Red is warm, dynamic and commands people’s attention. It’s the color of fire and blood and screams energy, passion, and love. This pulsing immediacy is reflected in the logos of CNN, ESPN, and Bank of America.
Blue, however, is cool and clean and evokes feelings of responsibility and ambition. It’s calm and confident but also signals openness, sincerity, and intelligence. Twitter, Facebook, and LinkedIn reflect their “sharing” mentality through the use of the color blue.
Green, the color of both nature and capitalism, demonstrates the strength and consistency of brands such as Starbucks, Whole Foods, and John Deere.
Another thing to consider when choosing your brand’s color palette is your audience. Colors mean different things in different cultures so make sure to be aware of who you are selling to and where they are from.
Your typeface determines your voice - how you are sending your message. It reflects your values and your target audience. Adidas is simple but flashy, therefore timeless. While the BBC reflects trust, Giorgio Armani is elegant.
Typefaces that invoke pedigree (think Stella Artois, which hasn’t evolved since the 1300s) color the brand with credibility and authenticity. Vintage looks can add texture and personality to a brand while connecting to a visceral history in an increasingly digital landscape.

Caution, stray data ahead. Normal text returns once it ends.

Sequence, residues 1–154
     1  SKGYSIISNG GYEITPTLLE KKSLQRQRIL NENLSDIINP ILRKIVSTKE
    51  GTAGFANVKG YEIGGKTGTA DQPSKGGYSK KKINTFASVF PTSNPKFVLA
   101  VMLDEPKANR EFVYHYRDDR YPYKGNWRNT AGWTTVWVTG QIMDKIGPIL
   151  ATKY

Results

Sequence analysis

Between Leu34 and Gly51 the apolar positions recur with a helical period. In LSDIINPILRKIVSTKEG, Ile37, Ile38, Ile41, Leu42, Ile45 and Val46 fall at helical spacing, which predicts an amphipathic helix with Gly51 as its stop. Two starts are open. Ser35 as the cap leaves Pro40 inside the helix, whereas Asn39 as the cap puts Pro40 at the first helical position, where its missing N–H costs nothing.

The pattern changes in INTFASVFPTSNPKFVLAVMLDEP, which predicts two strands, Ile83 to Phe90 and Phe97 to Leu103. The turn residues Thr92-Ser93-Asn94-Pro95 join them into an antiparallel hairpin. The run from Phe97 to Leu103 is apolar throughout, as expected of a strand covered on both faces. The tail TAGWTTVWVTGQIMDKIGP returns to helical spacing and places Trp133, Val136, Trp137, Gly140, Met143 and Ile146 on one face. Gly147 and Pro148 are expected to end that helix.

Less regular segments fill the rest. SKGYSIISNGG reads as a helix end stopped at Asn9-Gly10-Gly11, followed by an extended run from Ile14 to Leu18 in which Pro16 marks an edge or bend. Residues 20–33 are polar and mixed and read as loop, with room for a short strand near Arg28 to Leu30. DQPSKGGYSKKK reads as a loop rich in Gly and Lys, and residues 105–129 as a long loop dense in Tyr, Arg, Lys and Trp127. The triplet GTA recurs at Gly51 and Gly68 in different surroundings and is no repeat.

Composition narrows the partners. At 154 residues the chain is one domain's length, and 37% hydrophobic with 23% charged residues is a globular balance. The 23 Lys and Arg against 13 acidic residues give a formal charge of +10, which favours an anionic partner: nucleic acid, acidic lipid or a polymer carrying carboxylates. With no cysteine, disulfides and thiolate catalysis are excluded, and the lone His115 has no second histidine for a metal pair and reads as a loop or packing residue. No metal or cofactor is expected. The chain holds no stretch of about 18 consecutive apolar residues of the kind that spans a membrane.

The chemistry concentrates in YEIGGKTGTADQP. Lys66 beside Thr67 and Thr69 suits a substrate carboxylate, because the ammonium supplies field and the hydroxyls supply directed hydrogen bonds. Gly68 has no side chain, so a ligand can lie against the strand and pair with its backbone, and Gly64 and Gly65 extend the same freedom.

The golden arches of McDonald’s and the yellow zig-zag arrow of In-n-Out immediately stand out and look great in a multitude of contexts. Straddling the space between minimalism and maximalism is a fun line to toe.
In an era where brands are viewed on a broad spectrum of platforms, it is becoming increasingly important for a brand to be easily adaptable in a variety of sizes, shapes, and customizations to address specific needs as well as the attention spans of the modern world.
Having a recognizable, branded design element or icon can allow you to represent yourself in the small medium of something like an instagram profile photo or favicon on your website.
Playing with perspective and tricking the eye through your logo is a fun way to demonstrate your forward-thinking nature as well as immediately directing the vision of your brand. Practicing dimension-shattering techniques literally gives your brand an edge while deliberately over or underemphasizing elements to create a unique and lasting effect.
Implementing a purposeful use of negative space, think the magic arrow in FedEx’s logo, is a fun way to give your brand multiple meanings and to add movement and elevation to perhaps an otherwise static logo.